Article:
A breakthrough in diabetes type 1 research could mean replacing needles with healthy cells inside the body.
Researchers at the Massachusetts Institute of Technology (MIT) and Harvard Stem Cell Institute (HSCI) have found that implanting healthy cells into the body of mice-and protecting these cells with a device-could mean that human type 1 diabetes patients would no longer need insulin injections in the future.
In this study, beta cells, or cells that produce insulin, were inserted into the pancreas, along with a device that blocks attacks from the body. The mice were able to release the insulin their body needed for six months without interruption or destruction of the cells. Implanting beta cells could also be safer than injecting insulin, according to the study. Injecting insulin makes personalizing treatment to match a patient's exact needs difficult, according to the Harvard Gazette. This can mean a patient is not adequately treated and can still face the effects of long-term type 1 diabetes, such as blindness.
According to the Juvenile Diabetes Research Foundation (JDRF), about 3 million people live with type 1 diabetes, and this new development could one day be a cure, considering its effectiveness. Almost 30 million people live with diabetes, according to the American Diabetics Association. Those with type 2 diabetes, which occurs when the body doesn't produce enough insulin, could also one day benefit from this treatment if their condition worsens, according to the Harvard Gazette.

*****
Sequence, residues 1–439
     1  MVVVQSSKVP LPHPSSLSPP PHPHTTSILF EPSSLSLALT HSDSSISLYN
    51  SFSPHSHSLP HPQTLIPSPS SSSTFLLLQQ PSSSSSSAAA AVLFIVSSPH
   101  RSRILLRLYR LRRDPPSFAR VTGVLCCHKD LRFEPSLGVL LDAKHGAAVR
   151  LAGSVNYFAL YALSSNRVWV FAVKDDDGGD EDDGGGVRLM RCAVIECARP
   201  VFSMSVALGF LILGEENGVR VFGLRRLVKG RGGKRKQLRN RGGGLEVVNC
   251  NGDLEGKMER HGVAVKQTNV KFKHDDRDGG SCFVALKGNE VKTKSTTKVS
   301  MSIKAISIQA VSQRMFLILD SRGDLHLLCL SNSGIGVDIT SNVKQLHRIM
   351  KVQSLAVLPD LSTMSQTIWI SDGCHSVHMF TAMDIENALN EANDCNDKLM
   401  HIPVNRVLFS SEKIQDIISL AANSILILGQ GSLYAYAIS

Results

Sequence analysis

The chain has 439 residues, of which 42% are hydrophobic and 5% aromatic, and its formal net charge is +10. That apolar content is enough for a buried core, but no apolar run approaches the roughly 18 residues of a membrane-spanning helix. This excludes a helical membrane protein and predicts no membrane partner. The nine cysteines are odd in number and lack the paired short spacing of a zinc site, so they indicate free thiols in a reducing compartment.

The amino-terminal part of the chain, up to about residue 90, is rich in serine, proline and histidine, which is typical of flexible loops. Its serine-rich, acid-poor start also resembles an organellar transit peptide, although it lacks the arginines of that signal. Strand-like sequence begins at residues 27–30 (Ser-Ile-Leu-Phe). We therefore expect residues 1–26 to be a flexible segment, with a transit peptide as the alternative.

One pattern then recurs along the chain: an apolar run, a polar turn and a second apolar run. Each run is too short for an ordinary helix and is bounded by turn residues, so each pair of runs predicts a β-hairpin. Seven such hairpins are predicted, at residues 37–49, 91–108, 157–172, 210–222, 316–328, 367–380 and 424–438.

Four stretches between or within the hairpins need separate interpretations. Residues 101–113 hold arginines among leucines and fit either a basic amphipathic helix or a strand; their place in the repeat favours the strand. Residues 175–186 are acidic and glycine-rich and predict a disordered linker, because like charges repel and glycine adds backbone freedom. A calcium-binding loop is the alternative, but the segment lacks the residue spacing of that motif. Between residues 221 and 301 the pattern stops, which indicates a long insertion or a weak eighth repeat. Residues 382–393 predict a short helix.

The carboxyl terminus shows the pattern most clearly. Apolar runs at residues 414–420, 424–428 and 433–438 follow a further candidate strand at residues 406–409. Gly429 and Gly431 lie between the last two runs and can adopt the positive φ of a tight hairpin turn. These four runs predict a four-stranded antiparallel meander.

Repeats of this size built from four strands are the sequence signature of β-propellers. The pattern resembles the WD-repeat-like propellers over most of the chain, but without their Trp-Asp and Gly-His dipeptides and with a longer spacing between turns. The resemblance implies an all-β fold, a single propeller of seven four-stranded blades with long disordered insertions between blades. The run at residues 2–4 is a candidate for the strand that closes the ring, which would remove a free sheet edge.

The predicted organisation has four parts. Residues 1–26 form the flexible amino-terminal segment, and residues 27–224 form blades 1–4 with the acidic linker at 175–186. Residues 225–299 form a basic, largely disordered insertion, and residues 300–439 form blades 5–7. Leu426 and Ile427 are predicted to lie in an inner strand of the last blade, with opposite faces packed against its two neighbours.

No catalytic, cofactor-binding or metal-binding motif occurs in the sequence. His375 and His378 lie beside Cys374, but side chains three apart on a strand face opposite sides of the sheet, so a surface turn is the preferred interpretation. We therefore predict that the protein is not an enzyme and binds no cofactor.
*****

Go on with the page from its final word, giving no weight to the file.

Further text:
“This report is an important step forward, in an animal model, because it shows that there may be a way to overcome one of the major hurdles that have stood in the way of a cure for type 1 diabetes," Doug Melton, co-director of HSCI, said to the Harvard Gazette.
Type 1 diabetes is an autoimmune disorder, or a disorder in which the body attacks its own cells. The disease, which usually appears in younger people and kids, causes the pancreas to no longer produce the hormone insulin. Insulin takes sugar ingested into the body from food and takes it into cells to be used for energy.
When insulin is unavailable, the sugar populates the blood stream, which could lead to kidney failure, a loss of limbs and eyesight, and nerve damage, according to the Mayo Clinic. Insulin injections are the primary way to live with the disorder, however, according to the JDRF, the treatment is not always effective.
"We are excited by this new technology and are working hard to advance it to the clinic,” Daniel G. Anderson, the Samuel A. Goldblith Professor of Applied Biology at MIT, told the Harvard Gazette.
This study was published January 21 in the journals Nature Medicine and Nature Biotechnology.The JDRF, Leona M. and Harry B. Helmsley Charitable Trust funded this research.
Disclosures were not available at time of publication.